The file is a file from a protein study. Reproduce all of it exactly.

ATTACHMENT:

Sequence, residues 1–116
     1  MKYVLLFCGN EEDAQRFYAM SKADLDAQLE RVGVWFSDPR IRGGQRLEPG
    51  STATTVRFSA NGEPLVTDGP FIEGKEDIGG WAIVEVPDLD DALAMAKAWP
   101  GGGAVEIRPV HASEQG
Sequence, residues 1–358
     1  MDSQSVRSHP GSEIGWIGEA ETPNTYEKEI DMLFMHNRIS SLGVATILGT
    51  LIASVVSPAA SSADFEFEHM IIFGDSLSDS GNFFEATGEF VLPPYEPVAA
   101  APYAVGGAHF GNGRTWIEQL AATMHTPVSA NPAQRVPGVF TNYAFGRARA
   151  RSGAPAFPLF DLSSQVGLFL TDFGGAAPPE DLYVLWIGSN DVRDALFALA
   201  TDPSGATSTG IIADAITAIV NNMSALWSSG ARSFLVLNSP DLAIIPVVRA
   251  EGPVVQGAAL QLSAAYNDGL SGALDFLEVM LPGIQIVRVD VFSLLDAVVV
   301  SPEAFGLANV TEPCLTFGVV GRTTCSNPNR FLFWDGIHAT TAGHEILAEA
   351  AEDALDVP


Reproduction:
Sequence, residues 1–116
     1  MKYVLLFCGN EEDAQRFYAM SKADLDAQLE RVGVWFSDPR IRGGQRLEPG
    51  STATTVRFSA NGEPLVTDGP FIEGKEDIGG WAIVEVPDLD DALAMAKAWP
   101  GGGAVEIRPV HASEQG
Sequence, residues 1–358
     1  MDSQSVRSHP GSEIGWIGEA ETPNTYEKEI DMLFMHNRIS SLGVATILGT
    51  LIASVVSPAA SSADFEFEHM IIFGDSLSDS GNFFEATGEF VLPPYEPVAA
   101  APYAVGGAHF GNGRTWIEQL AATMHTPVSA NPAQRVPGVF TNYAFGRARA
   151  RSGAPAFPLF DLSSQVGLFL TDFGGAAPPE DLYVLWIGSN DVRDALFALA
   201  TDPSGATSTG IIADAITAIV NNMSALWSSG ARSFLVLNSP DLAIIPVVRA
   251  EGPVVQGAAL QLSAAYNDGL SGALDFLEVM LPGIQIVRVD VFSLLDAVVV
   301  SPEAFGLANV TEPCLTFGVV GRTTCSNPNR FLFWDGIHAT TAGHEILAEA
   351  AEDALDVP